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Date Posted: 8/6/2014

The Payroll Behind Advances and Overpayments

 
 
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By Stefan Schumacher, editor of The Payroll Blog

There may come a time when an employee asks for an advance on his or her salary. Many people run into sticky situations from time to time (the car is totaled, the roof is leaking, etc.), where they need more money in the immediate than expected.

A small firm may have the flexibility, in these cases, to offer an employee an advance. This is not only a nice gesture, it’s also something that needs to be accounted for on the payroll. Any salary advance or overpayment needs to be included in the employee’s income for the payroll period that the money was received. Likewise, the employee is subject to federal income tax withholding and Social Security, Medicare and Federal Unemployment Tax Act (FUTA) taxes.

Repayments

Like many aspects of payroll, advances, as well as overpayments, can become complicated. The employee typically has to pay back the advance, and if they do so in the same year it was received, then that repayment amount is not included in the employee’s income when completing the W-2 form. If the repayment takes place the following year, it cannot ever be excluded from the employee’s income. 

With regard to Social Security and Medicare taxes, if the employee makes the repayment after the employer has filed Form 941 for the quarter that the overpayment was made, the employee receives a refund from the employer for any excess Social Security and Medicare taxes. This happens once the employer has filed a corrected Form 941-X to claim a refund.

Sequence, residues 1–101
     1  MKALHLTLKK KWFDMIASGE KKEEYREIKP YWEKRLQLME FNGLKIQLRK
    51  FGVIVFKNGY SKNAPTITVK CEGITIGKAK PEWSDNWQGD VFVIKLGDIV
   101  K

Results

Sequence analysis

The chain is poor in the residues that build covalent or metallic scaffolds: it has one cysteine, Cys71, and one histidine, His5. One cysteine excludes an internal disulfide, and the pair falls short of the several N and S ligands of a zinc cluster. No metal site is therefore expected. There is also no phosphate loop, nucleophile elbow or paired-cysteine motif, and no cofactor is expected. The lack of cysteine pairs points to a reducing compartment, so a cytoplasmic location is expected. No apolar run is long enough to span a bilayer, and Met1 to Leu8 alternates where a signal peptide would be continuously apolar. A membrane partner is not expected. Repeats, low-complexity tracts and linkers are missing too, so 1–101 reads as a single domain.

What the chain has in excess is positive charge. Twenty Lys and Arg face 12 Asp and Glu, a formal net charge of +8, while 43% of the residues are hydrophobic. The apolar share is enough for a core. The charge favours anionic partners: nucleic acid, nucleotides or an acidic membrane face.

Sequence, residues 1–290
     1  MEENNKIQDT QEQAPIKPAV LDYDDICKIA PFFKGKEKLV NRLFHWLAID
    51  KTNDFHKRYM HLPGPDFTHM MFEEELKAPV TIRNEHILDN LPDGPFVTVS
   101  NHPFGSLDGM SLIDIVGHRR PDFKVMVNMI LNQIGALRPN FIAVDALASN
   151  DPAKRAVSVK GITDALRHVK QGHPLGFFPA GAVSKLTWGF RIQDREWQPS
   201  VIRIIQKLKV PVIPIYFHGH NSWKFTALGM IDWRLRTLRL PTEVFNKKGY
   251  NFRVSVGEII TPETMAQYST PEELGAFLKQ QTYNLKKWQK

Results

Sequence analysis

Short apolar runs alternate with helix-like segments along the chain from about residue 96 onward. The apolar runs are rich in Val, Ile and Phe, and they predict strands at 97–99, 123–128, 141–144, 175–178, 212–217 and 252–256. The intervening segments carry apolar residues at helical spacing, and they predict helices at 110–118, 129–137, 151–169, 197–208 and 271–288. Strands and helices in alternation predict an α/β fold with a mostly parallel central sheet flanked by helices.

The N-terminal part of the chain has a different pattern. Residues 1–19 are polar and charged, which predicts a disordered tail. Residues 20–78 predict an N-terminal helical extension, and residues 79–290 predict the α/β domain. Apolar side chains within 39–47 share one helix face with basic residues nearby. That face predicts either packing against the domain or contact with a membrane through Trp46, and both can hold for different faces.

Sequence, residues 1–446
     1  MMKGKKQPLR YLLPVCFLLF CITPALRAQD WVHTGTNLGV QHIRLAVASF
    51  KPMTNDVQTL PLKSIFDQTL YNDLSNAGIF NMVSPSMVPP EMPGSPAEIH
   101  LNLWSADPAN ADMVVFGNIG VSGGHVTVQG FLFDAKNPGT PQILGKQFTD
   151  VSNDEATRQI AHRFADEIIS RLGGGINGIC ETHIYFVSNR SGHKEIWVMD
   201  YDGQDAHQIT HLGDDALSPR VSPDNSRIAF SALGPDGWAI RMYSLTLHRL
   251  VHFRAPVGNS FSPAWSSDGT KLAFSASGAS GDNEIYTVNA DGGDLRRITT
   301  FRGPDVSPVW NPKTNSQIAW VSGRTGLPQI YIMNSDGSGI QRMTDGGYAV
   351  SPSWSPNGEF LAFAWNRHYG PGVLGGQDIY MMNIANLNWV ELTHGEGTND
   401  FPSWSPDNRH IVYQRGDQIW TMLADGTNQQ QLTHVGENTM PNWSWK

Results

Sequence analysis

Recordkeeping

For recordkeeping purposes, a receipt noting the date and amount of the employee’s repayment must be retained. The employee must provide a written statement declaring that he will not seek a refund. This must occur before the employer can claim its own credit or refund with regard to overpaid Social Security and Medicare taxes. When the repayment takes place in a year different from when the advance or overpayment was made, repayment does not decrease the employee’s Social Security of Medicare wages for the year of repayment. If the repayment results in Social Security or Medicare taxes on the employee’s part, Form W-2c will need to be filed by the employee.

 
 


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